Utrophin-replacement therapies are also currently under investigation; therefore, we analyzed the stability of full-length human utrophin and a micro-utrophin. Our previous study demonstrated that mouse utrophin is a highly stable protein that does not appear to be sensitive to terminal truncation or internal deletion . Consistent with these results, our data showed that both full-length and micro-utrophin have similar protein aggregation to dystrophin and maintain melting temperatures that are not significantly different from full-length human dystrophin. Investigation of utrophin as a dystrophin substitute therapy for DMD [25,26,28,40] is based on its ability to rescue most phenotypes of the mdx mouse when transgenically overexpressed  and also the positive correlation between increased utrophin expression with improved prognosis in a small cohort of DMD patients . Utrophin maintains some functional properties of dystrophin, such as forming an analogous utrophin-glycoprotein complex  and binding actin filaments , but lacks the ability to localize nNOS to the sarcolemma [39,59] and organize the sub-sarcolemmal microtubule lattice . While utrophin cannot completely substitute for dystrophin in terms of protein-protein interactions, our results suggest that utrophin and micro-utrophin proteins are appealing as therapeutic targets in terms of protein stability, especially when compared to dystrophin gene therapy proteins.
While the recombinant dystrophin and utrophin proteins used in this study were expressed in a eukaryotic cellular environment, their purification and characterization in more simple buffers leaves open the possibility that they exhibit unfolding and aggregation properties in vitro that are different from how they behave in the complex environment of a mammalian muscle cell. It will therefore be important to develop both cell- and tissue-based model systems to better understand how deletions in dystrophins and utrophins affect stability in vivo.
Our in vitro analysis of the biophysical consequences of internal deletion on dystrophin and utrophin suggests that dystrophin stability is context-dependent: relatively unaffected by small deletions at natural exon boundaries but sensitive to larger and more complex rearrangements from deletions present in gene therapy constructs. In contrast, utrophin maintains uniform stability despite large internal deletion. Moreover, our results also highlight the need to better understand how differences in protein stability in vitro translate to therapeutic efficacy in vivo.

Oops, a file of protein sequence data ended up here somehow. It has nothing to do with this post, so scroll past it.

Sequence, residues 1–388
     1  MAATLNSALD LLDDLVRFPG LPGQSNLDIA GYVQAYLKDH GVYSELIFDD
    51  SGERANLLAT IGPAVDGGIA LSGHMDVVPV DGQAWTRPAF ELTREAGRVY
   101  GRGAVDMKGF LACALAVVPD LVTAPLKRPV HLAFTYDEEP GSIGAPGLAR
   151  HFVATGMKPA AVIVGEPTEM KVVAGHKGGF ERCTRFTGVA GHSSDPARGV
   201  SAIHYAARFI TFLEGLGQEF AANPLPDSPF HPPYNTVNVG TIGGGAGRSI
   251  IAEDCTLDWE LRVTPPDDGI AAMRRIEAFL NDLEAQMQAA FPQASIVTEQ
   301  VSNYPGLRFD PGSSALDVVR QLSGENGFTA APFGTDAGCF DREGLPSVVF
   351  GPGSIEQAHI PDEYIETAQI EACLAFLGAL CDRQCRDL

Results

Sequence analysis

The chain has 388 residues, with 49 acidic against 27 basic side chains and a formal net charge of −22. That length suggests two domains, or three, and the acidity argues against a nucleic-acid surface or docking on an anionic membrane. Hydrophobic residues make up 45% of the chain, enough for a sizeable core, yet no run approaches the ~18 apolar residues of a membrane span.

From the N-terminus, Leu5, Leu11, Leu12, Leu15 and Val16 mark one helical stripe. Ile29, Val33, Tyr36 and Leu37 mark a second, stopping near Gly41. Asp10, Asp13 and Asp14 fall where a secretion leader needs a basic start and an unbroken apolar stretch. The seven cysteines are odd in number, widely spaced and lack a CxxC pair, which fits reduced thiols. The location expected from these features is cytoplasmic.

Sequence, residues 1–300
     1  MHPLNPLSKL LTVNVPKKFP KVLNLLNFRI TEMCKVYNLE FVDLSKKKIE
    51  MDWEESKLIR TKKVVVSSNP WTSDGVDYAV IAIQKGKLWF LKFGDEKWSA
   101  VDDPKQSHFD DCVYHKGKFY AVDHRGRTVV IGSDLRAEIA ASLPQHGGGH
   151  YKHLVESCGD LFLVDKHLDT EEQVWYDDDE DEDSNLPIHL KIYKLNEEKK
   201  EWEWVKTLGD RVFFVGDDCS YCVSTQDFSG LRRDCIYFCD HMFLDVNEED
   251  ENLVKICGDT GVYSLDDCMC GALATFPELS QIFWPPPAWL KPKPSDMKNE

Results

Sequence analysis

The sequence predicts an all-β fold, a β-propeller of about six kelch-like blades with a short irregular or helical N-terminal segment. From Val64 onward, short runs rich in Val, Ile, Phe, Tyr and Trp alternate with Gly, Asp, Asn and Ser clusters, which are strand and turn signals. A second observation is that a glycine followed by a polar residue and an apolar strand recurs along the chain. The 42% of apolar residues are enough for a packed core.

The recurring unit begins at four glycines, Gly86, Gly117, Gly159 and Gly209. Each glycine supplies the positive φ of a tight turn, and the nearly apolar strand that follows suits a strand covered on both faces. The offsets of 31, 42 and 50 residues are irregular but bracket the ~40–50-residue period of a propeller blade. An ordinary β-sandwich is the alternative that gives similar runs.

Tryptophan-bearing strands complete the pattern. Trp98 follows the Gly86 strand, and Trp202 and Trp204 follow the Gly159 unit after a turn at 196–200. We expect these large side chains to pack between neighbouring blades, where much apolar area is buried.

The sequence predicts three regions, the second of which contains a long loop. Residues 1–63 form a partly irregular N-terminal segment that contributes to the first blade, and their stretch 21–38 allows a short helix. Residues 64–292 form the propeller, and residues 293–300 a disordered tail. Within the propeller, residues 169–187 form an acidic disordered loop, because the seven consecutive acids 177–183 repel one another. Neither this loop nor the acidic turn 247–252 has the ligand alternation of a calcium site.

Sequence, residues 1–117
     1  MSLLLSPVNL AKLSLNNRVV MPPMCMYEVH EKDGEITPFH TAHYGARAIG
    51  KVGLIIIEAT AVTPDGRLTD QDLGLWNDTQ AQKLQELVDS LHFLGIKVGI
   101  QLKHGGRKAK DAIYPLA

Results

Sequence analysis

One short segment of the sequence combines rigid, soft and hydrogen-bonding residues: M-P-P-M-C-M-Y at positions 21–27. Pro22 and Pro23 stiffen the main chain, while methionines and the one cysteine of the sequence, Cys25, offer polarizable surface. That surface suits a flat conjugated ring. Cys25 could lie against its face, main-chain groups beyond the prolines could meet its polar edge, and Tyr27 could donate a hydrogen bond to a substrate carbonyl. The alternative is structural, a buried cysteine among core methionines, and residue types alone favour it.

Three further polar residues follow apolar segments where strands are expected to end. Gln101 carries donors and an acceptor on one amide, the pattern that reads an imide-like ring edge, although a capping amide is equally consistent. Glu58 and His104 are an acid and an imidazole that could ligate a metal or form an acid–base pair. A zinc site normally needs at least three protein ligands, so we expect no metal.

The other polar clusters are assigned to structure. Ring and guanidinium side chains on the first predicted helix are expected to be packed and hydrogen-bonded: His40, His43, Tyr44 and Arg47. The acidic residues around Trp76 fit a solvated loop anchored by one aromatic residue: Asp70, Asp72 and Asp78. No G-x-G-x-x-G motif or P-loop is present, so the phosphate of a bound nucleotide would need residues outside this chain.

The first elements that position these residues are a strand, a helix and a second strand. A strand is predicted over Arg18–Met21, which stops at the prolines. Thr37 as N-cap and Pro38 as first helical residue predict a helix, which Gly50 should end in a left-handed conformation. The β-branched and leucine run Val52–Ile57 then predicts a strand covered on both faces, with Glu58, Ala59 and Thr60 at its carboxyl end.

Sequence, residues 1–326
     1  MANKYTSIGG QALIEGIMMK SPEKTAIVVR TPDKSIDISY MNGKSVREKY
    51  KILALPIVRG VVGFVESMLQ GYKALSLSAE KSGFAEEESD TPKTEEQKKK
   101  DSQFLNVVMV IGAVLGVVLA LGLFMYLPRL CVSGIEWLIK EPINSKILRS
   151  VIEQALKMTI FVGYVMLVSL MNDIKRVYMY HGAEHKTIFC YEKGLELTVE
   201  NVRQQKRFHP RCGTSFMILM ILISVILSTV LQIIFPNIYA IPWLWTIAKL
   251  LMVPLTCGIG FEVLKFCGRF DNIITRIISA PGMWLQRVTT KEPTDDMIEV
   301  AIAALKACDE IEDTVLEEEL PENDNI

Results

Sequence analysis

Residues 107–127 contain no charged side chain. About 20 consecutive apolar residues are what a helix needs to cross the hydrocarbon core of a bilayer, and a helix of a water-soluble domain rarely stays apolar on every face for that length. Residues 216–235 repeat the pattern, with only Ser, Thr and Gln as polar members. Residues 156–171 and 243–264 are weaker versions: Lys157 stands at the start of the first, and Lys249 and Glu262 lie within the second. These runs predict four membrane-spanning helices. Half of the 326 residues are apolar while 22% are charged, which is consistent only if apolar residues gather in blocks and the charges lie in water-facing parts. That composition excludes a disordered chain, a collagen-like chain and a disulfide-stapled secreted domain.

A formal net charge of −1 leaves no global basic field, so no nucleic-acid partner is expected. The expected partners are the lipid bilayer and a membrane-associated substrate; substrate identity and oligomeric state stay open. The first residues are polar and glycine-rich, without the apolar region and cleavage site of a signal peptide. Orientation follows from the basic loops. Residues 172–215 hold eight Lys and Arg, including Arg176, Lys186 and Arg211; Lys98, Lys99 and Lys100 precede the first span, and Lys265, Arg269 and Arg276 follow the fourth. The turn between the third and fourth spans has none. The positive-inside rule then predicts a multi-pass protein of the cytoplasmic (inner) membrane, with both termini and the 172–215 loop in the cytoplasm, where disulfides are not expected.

Becker muscular dystrophy
Duchenne muscular dystrophy
differential scanning fluorimetry
golden retriever muscular dystrophy
neuronal nitric oxide synthase
phosphorodiamidate morpholino oligomer
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Supported by a gift from Ryan’s Quest, Muscular Dystrophy Association Grant MDA218545, and National Institutes of Arthritis, Musculoskeletal and Skin Diseases grant RO1 AR042423 to JME. JJB was supported by the NIH Training Program in Muscle Research (AR007612) and a University of Minnesota Doctoral Dissertation Fellowship. JLM was supported by a Ron Edstrom Scholar Award through the Achievement Rewards for College Scientists (ARCS) foundation of Minnesota. DMT was supported by American Heart Association predoctoral fellowship 12PRE12040402.
The authors declare that they have no competing interests.
JM carried out molecular cloning of exon 51 constructs, performed protein expression/purification and biophysical assays, carried out the data and statistical analysis, and drafted the manuscript. KR carried out protein expression/purification and biophysical assays of gene therapy and utrophin proteins. MJ participated in the molecular cloning of utrophin and dystrophins skipped around exon 45, and protein expression/purification, and biophysical assays for dystrophins skipped around exon 45. JB carried out the molecular cloning for gene therapy and utrophin constructs and edited the manuscript. DT established the DSF instrument and protocol and edited the manuscript. JE participated in the design and coordination of the study and edited the manuscript. All authors have read and approved the final manuscript.
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McCourt, J.L., Rhett, K.K., Jaeger, M.A. et al. In vitro stability of therapeutically relevant, internally truncated dystrophins. Skeletal Muscle 5, 13 (2015). https://doi.org/10.1186/s13395-015-0040-z
- Duchenne muscular dystrophy
- Becker muscular dystrophy
- Exon skipping
- Gene therapy